Without access to healthcare, prospects for development look dim. Progress has been made in the last two decades but many challenges remain, not least with preventable and treatable diseases in the most fragile regions.
On this backdrop, universal health care coverage seems like a utopian concept but, in fact, technological advances have shifted the idea closer to reality.
Partnerships can unlock the potential of digital innovation in a way that traditional models of development aid cannot. When state actors, NGOs, the private sector and civil society come together, such partnerships “with a purpose” can be formed and deliver miraculous results.
There are many reasons for inequality in healthcare - gender, poverty, instability and remoteness - but none of them are unsurmountable if the political will is there to do tackle them
This high-level debate on partnerships and innovation in health care in the context of development brought together representatives from the European Union, the World Health Organization (WHO), leading international organisations in the field, a leading telecommunications company and civil society.
In his opening address, the European Commission’s Director General for International Cooperation and Development announced the signing, on the same day at the Development Days, of a new contribution agreement with the WHO. The money will be used building health care systems in more than 80 African, Caribbean, Pacific, and Asian countries, as part of the Health Systems Strengthening for Universal Health Coverage Partnership Programme.
The WHO representative illustrated the need for this programme by stressing that despite the progress of recent times we are currently not on track in eradicating preventable diseases or bringing down mother/infant mortality in fragile and remote regions.
The Chair of the Board of The Global Fund to Fight AIDS, Tuberculosis and Malaria, one of the important “partnerships with a purpose”, added that four years after the updating of the Millennium Development Goals, many governments’ priorities have changed and the agenda has shifted, creating political headwinds. However, we must not be discouraged but instead “step up the fight”, a battle cry that will also serve as the motto of the next replenishment conference of the Global Fund next October.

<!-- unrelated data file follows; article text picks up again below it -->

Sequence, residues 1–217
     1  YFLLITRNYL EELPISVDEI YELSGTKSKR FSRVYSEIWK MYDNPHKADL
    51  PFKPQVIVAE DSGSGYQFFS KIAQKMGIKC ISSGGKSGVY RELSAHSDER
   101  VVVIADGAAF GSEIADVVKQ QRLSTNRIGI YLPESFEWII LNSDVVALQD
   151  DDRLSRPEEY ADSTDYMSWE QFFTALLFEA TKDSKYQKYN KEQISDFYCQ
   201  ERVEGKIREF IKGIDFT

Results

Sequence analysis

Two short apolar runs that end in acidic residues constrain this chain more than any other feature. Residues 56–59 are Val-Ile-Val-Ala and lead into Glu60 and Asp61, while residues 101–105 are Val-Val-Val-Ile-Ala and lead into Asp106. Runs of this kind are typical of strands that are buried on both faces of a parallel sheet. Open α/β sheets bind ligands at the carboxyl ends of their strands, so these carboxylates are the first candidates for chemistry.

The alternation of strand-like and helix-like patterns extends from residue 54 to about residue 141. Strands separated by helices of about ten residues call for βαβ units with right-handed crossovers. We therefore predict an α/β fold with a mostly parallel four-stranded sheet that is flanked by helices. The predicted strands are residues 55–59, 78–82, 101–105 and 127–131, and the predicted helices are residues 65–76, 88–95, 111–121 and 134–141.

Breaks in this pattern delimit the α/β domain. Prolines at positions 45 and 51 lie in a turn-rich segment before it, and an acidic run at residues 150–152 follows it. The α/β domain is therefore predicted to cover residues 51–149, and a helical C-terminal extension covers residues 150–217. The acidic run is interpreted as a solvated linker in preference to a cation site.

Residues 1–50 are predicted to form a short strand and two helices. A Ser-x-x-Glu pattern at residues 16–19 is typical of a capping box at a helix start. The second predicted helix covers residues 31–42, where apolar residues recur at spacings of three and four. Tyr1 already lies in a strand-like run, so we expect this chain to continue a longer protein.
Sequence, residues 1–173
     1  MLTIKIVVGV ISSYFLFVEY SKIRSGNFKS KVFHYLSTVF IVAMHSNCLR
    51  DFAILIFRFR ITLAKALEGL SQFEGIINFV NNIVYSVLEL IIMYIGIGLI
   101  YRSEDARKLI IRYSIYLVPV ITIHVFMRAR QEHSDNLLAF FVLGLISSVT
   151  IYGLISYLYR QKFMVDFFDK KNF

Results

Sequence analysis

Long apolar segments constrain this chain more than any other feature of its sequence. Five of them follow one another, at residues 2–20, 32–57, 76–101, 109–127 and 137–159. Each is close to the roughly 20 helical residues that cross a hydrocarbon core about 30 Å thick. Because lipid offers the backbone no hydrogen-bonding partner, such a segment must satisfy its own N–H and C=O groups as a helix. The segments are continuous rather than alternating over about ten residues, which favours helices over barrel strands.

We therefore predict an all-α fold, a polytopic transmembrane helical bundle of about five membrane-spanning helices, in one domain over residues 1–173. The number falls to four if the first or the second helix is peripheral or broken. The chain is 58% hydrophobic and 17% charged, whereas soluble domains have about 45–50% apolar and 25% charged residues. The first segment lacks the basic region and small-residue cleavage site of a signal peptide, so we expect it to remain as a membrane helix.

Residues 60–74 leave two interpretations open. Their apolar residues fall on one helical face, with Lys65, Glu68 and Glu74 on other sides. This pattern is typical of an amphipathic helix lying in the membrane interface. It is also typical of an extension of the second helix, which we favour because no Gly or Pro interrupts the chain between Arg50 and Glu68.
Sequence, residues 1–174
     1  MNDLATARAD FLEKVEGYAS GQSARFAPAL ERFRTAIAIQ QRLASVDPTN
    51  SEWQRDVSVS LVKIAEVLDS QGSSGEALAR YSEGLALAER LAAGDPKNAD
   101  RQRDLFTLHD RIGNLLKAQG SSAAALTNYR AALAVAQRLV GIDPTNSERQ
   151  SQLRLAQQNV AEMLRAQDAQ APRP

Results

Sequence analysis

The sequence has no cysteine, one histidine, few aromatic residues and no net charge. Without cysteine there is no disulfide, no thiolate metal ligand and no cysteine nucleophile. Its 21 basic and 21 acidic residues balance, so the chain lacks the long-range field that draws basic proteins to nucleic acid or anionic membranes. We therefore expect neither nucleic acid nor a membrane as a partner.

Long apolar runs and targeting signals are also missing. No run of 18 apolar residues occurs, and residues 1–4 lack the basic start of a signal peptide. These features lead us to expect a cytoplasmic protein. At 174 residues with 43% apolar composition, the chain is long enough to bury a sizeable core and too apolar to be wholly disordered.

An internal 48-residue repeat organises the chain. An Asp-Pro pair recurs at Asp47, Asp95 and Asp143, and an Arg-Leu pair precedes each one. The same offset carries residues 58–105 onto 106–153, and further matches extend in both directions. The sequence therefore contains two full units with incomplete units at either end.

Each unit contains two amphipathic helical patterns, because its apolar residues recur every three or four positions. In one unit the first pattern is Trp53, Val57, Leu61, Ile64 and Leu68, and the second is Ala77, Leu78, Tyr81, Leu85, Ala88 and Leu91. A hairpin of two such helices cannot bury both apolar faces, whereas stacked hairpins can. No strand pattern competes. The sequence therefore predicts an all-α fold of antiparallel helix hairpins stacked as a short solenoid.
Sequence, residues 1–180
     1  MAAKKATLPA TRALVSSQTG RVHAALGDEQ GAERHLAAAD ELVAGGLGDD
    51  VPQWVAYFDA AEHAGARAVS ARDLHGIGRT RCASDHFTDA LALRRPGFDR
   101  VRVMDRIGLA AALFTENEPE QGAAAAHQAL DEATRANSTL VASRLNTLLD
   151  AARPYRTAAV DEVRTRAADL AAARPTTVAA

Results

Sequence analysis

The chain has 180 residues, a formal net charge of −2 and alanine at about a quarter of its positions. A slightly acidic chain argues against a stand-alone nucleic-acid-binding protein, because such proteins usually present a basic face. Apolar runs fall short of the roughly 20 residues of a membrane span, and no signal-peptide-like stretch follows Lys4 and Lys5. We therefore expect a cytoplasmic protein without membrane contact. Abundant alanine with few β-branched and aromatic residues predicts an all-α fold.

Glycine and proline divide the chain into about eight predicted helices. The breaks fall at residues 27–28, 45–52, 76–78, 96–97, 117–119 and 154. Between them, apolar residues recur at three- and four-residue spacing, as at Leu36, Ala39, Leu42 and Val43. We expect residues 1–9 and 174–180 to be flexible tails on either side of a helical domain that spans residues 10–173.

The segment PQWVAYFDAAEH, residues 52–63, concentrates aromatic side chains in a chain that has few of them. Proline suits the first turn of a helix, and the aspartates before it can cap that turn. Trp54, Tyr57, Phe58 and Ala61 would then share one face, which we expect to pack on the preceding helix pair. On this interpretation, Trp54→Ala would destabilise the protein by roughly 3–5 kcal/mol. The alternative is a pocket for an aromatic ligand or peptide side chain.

On the issue of malaria in the Democratic Republic of Congo, which is still the principal cause of morbidity and mortality in the country, the audience heard an impassioned plea for “commitment from all” to defeat Malaria from EDD19 Young Leader Louison Mbombo Bitilo, founder of the Mbomo Initiative Against Malaria (Solidariedade Na Mokili) that works in partnership with Google and Microsoft.
Ghana’s Second Lady, Samira Bawumia, who runs her own charity, working on healthcare, education and women’s empowerment, gave examples of how technology is helping to reach people in remote areas. One of them is the introduction of delivery drones by Zipline, a US digital logistics company.
Zipline first started to operate in Rwanda, and are now trying to repeat their success there in the much larger Ghana. And, according to the CEO of GAVI, the Vaccine Alliance, even the company’s home country is interested in their services, which he called a welcome case of South to North innovation.
From the panel, the Chairman Orange S.A.’s Middle East and Africa operations, made the case for tech and telco companies to join the ‘partnerships with a purpose’. For Orange, it was only logical to become involved. Apart from participating in the development of telemedicine in rural areas, mobile phones today offer unprecedented opportunities to provide governments and NGOs with health and epidemiological data analysis services.
Given the revolutionary advances in technology and their potential to revolutionise healthcare, it is now up to politics to clear the road to universal healthcare coverage.